• Then we can use preprocessor directives such as #if and #else to conditionally check if a variable, DEBUG in this case, is defined;
  • And by doing so, we can include or exclude certain parts of the programming code.

To see how this might be helpful, let’s take a look at the programming example.

MultiCharts .NET programming example

The programming example started with declaring a plot object (line 10), which was then initialised in the Create() method (line 16).

Then in the StartCalc() method the PowerLanguage .NET Editor Output Window was cleared by calling Output.Clear() (line 21).

Using the DEBUG preprocessing variable

Next we arrive in the CalcBar() override method were we, after setting the plot to the difference between the current high and current low (line 26), start applying preprocessing directives:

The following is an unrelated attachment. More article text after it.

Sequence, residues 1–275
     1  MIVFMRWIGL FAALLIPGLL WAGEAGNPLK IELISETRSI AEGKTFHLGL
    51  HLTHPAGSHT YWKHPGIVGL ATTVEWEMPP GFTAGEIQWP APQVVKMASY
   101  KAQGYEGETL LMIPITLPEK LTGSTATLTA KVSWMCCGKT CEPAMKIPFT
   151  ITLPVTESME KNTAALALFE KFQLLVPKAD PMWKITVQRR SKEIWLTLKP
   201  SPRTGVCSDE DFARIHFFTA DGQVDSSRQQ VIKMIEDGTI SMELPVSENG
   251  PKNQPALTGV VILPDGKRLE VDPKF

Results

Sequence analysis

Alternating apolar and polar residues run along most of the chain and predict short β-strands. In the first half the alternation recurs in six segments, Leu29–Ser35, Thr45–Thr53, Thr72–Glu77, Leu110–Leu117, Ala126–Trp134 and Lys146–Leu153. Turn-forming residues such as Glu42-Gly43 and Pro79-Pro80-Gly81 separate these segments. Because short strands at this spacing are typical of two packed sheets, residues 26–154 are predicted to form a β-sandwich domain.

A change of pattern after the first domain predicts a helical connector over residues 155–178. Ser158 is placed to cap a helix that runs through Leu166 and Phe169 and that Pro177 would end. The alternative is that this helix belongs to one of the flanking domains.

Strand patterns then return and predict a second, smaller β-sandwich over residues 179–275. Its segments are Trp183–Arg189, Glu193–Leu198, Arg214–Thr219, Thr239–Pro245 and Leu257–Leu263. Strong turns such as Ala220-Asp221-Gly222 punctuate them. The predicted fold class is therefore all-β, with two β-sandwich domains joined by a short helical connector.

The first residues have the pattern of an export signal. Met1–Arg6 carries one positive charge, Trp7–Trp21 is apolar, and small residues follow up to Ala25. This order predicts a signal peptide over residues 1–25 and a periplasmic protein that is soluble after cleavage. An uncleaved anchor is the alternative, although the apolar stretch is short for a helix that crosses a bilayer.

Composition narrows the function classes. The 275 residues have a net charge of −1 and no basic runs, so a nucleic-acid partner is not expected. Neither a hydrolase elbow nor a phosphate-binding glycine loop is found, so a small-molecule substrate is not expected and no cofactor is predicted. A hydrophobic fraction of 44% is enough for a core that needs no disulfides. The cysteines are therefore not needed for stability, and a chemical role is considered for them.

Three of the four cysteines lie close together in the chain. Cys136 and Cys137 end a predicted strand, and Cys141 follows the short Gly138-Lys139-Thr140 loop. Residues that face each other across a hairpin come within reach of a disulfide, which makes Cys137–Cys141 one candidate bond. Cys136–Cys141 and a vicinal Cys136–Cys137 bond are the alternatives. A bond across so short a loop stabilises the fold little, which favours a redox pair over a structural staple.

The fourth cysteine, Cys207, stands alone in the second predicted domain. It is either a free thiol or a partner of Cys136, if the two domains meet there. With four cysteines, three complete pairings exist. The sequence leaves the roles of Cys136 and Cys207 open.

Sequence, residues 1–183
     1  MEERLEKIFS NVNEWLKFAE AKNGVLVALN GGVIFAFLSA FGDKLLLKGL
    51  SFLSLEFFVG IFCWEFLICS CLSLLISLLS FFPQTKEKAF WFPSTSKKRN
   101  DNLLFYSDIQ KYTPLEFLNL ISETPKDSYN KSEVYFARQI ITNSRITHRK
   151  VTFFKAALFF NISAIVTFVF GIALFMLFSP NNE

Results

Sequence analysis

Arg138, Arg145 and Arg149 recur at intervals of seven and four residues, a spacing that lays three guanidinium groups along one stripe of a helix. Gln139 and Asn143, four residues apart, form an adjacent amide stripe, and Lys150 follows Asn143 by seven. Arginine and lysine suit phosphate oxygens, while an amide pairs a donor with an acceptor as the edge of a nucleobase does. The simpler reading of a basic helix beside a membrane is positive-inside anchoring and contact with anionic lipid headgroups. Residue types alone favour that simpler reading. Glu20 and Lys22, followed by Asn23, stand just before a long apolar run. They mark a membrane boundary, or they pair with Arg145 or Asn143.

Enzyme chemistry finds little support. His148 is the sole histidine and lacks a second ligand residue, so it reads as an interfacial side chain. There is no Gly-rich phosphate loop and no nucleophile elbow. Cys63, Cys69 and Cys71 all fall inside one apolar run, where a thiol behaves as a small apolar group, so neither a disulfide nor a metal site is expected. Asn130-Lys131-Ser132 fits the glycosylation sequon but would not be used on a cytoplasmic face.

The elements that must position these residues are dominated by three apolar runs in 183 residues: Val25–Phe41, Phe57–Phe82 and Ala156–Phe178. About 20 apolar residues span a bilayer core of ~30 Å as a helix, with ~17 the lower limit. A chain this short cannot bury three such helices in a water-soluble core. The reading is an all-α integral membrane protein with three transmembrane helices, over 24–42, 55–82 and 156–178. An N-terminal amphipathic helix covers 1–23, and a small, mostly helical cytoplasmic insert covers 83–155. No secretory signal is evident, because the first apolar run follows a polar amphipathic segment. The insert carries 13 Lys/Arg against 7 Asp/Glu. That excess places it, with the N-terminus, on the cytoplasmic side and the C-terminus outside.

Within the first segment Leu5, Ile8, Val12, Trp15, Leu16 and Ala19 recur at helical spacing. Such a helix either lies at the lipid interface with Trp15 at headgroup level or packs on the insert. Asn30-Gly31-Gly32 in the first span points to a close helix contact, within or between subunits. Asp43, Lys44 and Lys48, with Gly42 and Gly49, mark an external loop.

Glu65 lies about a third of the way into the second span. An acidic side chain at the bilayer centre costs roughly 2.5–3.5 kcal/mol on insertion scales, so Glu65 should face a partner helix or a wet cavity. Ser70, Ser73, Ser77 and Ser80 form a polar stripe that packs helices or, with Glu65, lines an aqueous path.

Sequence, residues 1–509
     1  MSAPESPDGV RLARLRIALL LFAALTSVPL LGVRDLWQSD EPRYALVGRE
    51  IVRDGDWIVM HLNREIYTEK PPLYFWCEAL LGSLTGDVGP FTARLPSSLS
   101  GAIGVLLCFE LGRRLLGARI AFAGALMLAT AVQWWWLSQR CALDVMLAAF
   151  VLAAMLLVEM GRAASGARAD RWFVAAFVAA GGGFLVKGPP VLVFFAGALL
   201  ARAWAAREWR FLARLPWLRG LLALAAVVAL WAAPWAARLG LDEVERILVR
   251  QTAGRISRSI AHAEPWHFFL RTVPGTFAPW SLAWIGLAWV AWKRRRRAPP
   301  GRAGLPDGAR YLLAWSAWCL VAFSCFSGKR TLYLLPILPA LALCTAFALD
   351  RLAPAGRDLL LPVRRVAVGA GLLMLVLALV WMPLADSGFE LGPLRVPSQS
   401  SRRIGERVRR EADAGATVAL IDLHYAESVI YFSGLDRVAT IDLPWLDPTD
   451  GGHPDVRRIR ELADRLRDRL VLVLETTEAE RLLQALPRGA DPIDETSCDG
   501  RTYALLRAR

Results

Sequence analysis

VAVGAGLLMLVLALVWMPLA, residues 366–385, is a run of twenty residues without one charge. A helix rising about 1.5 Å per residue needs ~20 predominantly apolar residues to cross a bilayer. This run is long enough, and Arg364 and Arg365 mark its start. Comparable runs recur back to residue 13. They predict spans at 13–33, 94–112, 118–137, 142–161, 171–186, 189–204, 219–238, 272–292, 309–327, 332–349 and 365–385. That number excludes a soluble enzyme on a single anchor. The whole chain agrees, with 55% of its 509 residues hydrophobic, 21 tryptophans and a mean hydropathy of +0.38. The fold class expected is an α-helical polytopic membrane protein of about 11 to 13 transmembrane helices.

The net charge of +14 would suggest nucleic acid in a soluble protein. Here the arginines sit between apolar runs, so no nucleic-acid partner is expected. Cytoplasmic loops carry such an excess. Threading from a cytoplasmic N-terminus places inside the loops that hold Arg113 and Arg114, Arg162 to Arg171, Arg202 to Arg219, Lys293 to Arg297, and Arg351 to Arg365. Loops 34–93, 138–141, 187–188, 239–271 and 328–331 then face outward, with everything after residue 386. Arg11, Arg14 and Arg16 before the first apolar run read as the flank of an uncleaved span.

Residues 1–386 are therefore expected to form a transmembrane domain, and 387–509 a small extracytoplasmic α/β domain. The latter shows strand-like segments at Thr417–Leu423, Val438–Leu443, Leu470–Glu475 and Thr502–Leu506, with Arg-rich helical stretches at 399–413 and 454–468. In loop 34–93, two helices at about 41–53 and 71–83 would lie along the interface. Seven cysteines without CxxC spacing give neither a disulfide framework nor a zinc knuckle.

#if DEBUG
    Output.WriteLine("{0} - Previous value of plot is: {1}",
        Bars.Time[0].ToString("d-M HH:mm:ss"),
        highLowDiff.Values[1]);
#else
    if (Bars.CurrentBar < 30)
  {
        Output.WriteLine("{0} - Compilation mode is not set to Debug",
            Bars.Time[0].ToString("d-M HH:mm:ss"));
  }    
#endif

Here we use the preprocessing directive #if to check if the DEBUG preprocessing variable has been defined. As noted above, this is the case when the debug compilation mode in the PowerLanguage .NET Editor has been selected.

Should the release compilation mode had been used, the DEBUG variable would not have been defined and the #else preprocessing directive with its accompanying code block (lines 33-37) would have been included into the programming code at compilation.

Using conditional expressions with preprocessing directives

In the next part of the example we use a relational operator to see if the DEBUG variable would have been false or not:

// Preprocessing directives can also be used for more things than outputting data.